Posted on Wednesday, January 23, 2013 by Carol Pitts
Terracotta Warriors in Xi'an
This three-week studio intensive explores the cultural, political, and intellectual capitols of China, focusing on the urban landscape of Beijing and Xi’an as a research subject.
China: Rendition, Veracity, and Deceit
Cultural Studies and Studio Intensive in Beijing and Xi’an China
July 22-August 9, 2013
Monday, March 11, 3:15–3:45 p.m.
Oakland campus, B Building 1
Thursday, March 14, 3:15–3:45 p.m.
San Francisco campus, West 2
Interested students should contact the instructor, Chris Loomis, to start the approval process for registration.
Students experience the two cities of Beijing and Xi'an through a series of field explorations, artists’ studio visits, and linguistic exercises. The course encourages students to study contemporary Chinese art and culture through a lens that is polished with extreme capitalism, multicultural energy, and a cutting edge art scene that collide with centuries’ old traditions.
Our main thematic focus resides in the ideas of rendition, veracity, and deceit. China has a complex cultural system where truth is often stranger than fiction and the reality of average Chinese citizens is often obscured by a veneer of prosperity. Our goal is to unpack these complexities and relate them to our own studio experience.
The course is divided into three parts along with lectures
- Art now: contemporary art and art market in China;
- Historical placement: villages within the city, the new China and the old;
- The rendition of culture and language: examining how China views themselves in relation to the world through a series of class-generated linguistic exercises
Field explorations include
- Art Zone: 798, the well established Art district of Beijing that houses a thriving artistic community among 50-year old decommissioned military factory buildings of unique architectural style.
- The Mutianyu section of the Great Wall of China, built in the 14th century. This section of the great wall demonstrates the beauty and ambition of China’s largest architectural structure.
- Beijing and Xi’an’s Cheng-zhong-cun, or “villages within a city,” a unique phenomenon that formed part of China’s urbanization efforts. The villages appear on both the outskirts and the downtown segments of major cities.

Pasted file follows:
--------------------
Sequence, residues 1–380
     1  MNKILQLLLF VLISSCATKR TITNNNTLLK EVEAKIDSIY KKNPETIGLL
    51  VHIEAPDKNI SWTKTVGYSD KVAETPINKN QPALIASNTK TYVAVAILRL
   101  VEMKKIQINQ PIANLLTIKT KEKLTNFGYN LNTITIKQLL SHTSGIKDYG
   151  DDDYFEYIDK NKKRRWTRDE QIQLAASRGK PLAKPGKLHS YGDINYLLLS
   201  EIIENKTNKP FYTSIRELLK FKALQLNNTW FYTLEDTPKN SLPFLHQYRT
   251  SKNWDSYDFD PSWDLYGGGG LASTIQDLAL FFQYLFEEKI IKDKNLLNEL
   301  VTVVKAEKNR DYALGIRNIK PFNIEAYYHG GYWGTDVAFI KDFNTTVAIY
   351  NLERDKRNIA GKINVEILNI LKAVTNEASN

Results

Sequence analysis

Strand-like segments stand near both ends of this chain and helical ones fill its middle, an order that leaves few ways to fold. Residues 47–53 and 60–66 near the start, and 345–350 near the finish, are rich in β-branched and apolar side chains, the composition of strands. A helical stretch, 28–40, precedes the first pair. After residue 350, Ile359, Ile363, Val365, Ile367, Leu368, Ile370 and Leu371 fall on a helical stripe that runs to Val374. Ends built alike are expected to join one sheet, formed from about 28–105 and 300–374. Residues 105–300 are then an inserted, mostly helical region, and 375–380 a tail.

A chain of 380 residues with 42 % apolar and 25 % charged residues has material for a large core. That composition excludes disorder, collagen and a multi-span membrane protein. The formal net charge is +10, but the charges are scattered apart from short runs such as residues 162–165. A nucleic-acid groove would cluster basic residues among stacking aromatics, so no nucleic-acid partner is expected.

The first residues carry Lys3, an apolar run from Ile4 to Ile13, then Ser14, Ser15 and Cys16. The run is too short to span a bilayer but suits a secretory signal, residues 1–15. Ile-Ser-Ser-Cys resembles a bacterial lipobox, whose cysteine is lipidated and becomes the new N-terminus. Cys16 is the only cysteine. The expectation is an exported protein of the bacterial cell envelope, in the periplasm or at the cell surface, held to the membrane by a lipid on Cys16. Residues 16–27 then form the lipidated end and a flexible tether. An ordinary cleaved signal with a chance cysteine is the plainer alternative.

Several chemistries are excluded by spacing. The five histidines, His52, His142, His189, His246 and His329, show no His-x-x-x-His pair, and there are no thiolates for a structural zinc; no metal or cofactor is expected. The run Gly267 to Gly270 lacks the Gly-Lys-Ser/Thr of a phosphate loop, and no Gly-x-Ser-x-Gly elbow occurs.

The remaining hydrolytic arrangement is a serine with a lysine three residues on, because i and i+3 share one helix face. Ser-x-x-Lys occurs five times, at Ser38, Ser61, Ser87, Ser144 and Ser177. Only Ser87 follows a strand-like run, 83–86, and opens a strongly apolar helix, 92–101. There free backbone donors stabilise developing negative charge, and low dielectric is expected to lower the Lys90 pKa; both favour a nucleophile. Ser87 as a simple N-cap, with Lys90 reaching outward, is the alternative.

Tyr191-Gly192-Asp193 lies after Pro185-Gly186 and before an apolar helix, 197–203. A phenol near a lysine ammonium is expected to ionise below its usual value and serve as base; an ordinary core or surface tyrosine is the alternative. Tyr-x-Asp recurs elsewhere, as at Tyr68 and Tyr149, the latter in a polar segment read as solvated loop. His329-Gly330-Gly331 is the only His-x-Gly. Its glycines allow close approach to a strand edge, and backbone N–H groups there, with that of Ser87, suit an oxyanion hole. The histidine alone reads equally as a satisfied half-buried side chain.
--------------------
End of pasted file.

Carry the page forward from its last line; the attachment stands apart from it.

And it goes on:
- Forbidden City and Palace Museum, which housed many emperors throughout the dynasties. The once grand palace is now a great resource for history, art, and architecture.
- The Terracotta Warriors and Horses in Xi’an: over 1000 terracotta pieces in the tomb of the Qin Emperor. These figures, dating from 3rd century BC, were discovered by local farmers in 1974. Each of the figures were made unique in terms of height, facial expression, and armed with various armories.
Each week students have three days of studio time with lectures and four days of explorations, including scheduled excursions and personal time. The class includes a series of scheduled artists’ studio visits as well as unscheduled adventures to newly established art spaces. Two mornings per week, students take Mandarin classes with a Chinese instructor to further explore the idea of rendition, veracity, and deceit implicit in language and culture.
About the Instructors
Christopher Loomis is a furniture maker and artist whose studio specializes in heirloom quality furniture, sculpture, and home accessories that blur the lines between art, craft, function, and form. His work has been exhibited widely in such venues as the San Francisco Museum of Modern Art, Yerba Buena Center for the Arts and the Museum of Craft and Design. Loomis has collaborated on projects with leading designers and artists in England, Japan, and Indonesia. In 2012 he served as a guest professor at Beijing’s Central Academy of Fine Arts. Loomis currently teaches in the Furniture and First Year Program at CCA. BFA School of the Art Institute Chicago; MFA, CCA
Judy Wu is an artist and teacher, born and raised in Taipei. Her research and career focuses on bridging different cultures and value systems into art, music, and language learning. Wu immigrated to the United States in 2000 and received degrees in art and anthropology at Hunter College in New York. She moved to California in 2006 and is currently a faculty in World Language Department at Head Royce School in Oakland. MFA, CCA
Undergraduates: completion of sophomore level by summer 2013 and instructor approval
Graduates: instructor approval
In addition students must be in good academic, conduct, and financial standing for the 2012-13 academic year.
For undergraduates, this course satisfies a studio elective, Upper Division Interdisciplinary Studio, or Diversity Studies Studio (pending approval).
For graduates, this course satisfies a gradwide elective.
$4,650 + $50 registration fee
Program fee includes
3 units, housing, a few meals, local transportation, guest artists, field trips, entrance fees, and travel/health insurance (see insurance)
Program fee does not include
Airfare to and from China, most meals
Please make sure you read the related pages in their entirety:
Note: Passport and Visa required for travel to China. Make sure you start this process right away.
In-person registration begins on Friday, March 1, for all Summer Study Abroad courses. Students should register no later than Monday, March 25. If spots are available in the course after this date, students may still register as long as accommodations have not been finalized.
All CCA Summer Study Abroad courses (including the New Mexico, New York, and Texas Studios) are coordinated by the Office of Special Programs.
Office of Special Programs
Oakland campus, Ralls 201
Dean of Special Programs
Operations Manager, Special Programs